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New evidence finally confirms who stole Tutankhamun's treasure

New evidence finally confirms who stole Tutankhamun’s treasure

© Reuters

For a hundred years, there were rumors that British archaeologist Howard Carter stole several pieces of Tutankhamun’s treasure before the official opening of the tomb. With a message that has now been made public, there is finally evidence for these claims. to write Watchman.

Carter discovered Tutankhamun’s tomb in 1922, and since then the Egyptians have suspected of stealing parts of the pharaoh’s treasure before the tomb’s official opening. There has been no evidence for these claims over the past 100 years.

A previously unpublished message is now changing that. The letter was written in 1934 by Alan Gardiner, a philologist hired by Carter to translate the hieroglyphs. For this the archaeologist gave him an amulet, assuring him that it did not come from the tomb of Tutankhamun.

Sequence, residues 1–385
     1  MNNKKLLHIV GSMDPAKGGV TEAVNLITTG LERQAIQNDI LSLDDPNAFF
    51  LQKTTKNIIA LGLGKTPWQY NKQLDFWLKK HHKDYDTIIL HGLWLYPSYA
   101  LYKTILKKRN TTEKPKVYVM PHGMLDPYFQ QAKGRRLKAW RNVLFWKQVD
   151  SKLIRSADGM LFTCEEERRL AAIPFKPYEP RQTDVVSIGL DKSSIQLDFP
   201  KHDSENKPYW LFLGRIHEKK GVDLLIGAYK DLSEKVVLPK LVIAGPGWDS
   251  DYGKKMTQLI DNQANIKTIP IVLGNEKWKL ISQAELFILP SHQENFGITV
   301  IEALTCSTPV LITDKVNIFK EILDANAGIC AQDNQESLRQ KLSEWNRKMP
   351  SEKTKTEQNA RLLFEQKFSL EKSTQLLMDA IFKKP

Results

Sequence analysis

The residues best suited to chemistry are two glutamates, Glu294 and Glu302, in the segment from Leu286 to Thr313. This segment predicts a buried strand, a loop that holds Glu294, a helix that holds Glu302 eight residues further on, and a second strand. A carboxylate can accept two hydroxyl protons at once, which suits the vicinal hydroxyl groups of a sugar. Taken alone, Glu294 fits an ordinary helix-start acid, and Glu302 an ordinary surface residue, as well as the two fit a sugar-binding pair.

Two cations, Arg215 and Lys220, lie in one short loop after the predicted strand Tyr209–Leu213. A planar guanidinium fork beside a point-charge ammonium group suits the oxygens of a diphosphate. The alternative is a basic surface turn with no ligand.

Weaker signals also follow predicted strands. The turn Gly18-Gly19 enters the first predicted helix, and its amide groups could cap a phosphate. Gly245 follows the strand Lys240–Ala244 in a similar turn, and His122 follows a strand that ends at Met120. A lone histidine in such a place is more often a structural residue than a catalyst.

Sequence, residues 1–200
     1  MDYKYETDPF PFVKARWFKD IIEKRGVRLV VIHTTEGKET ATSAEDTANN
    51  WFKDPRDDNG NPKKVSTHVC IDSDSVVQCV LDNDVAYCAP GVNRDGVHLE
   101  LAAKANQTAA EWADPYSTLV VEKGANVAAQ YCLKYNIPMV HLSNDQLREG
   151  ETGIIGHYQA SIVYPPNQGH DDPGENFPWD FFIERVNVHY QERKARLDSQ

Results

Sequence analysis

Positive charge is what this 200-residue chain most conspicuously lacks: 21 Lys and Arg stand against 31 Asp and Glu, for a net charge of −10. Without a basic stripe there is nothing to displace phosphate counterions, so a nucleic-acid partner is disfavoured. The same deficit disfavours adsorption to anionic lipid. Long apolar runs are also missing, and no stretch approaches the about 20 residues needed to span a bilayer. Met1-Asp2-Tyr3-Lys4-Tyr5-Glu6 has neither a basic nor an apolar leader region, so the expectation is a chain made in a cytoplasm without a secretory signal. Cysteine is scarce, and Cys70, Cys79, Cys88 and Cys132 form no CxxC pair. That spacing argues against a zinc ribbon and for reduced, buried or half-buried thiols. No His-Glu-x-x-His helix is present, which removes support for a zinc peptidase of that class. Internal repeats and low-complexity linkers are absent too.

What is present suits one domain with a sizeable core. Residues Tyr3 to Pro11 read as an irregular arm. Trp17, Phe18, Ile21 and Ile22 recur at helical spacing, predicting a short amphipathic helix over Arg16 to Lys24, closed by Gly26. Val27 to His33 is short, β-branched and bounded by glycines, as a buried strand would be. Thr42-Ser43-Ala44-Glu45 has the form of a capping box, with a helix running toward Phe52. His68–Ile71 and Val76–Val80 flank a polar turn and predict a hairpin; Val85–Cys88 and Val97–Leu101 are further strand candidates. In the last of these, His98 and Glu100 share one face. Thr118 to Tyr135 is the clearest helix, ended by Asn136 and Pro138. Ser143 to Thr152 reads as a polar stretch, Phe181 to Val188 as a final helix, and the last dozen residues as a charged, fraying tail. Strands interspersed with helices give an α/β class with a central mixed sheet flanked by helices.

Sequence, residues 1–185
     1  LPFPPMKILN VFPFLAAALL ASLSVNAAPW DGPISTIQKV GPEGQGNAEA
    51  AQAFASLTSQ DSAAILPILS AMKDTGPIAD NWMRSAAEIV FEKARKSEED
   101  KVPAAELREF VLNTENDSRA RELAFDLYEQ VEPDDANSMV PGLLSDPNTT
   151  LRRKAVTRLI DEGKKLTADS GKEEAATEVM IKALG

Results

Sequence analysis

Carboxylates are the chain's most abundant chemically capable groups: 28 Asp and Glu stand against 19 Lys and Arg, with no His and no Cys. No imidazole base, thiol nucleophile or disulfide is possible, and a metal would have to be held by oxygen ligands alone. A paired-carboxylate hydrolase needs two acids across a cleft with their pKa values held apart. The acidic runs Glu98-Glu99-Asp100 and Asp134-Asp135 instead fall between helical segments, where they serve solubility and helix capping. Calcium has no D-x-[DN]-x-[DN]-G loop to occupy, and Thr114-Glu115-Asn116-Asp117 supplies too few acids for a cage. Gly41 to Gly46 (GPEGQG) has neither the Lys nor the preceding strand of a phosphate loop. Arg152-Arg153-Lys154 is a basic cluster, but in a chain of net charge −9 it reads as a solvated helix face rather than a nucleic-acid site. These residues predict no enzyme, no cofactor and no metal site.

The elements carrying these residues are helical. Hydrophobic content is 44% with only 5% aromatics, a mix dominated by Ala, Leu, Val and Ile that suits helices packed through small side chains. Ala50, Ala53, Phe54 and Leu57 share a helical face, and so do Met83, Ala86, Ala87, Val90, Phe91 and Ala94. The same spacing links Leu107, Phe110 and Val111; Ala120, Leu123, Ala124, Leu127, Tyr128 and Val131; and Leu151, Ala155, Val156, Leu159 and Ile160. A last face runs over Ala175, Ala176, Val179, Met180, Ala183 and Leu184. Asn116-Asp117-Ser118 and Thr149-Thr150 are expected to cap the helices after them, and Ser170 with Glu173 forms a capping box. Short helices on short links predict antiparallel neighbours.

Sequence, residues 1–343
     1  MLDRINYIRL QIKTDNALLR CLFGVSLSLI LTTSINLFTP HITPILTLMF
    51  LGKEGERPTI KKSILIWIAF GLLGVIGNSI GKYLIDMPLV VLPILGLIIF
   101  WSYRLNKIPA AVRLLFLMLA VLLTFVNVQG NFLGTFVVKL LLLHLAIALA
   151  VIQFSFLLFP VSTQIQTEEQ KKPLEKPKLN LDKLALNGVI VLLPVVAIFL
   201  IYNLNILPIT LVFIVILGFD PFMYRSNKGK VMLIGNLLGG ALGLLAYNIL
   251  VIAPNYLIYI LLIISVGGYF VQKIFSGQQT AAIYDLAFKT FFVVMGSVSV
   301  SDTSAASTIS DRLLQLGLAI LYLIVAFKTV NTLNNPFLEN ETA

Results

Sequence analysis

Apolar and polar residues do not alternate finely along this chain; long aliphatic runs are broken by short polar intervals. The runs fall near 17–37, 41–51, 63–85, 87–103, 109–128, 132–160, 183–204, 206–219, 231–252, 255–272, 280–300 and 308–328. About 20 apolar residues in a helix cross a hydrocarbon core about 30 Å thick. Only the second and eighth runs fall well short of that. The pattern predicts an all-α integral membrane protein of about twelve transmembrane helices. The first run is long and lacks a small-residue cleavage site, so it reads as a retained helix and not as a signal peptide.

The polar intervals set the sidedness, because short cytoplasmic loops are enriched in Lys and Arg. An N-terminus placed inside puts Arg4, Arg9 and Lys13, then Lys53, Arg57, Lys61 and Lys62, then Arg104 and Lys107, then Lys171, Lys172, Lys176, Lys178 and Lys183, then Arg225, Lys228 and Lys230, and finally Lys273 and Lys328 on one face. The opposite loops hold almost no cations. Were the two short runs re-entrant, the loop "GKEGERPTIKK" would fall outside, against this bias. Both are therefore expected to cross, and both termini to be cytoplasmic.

But Gardiner was not entirely sure of the matter and presented the amulet to Rex Engelbach, the then British director of the Egyptian Museum in Cairo. He assured the philologist that the amulet certainly came from the tomb. It obviously came from the same mold as the other examples.

Gardiner then sent Carter a letter writing Engelbach’s judgment and stating that the amulet was undoubtedly stolen from Tutankhamun’s tomb. “I deeply regret being in such a difficult situation.”

The messages were in a private collection, but will soon be published in the new book Tutankhamun and the tomb that changed the world From Oxford University Press.

© World History Archive

(sgg)

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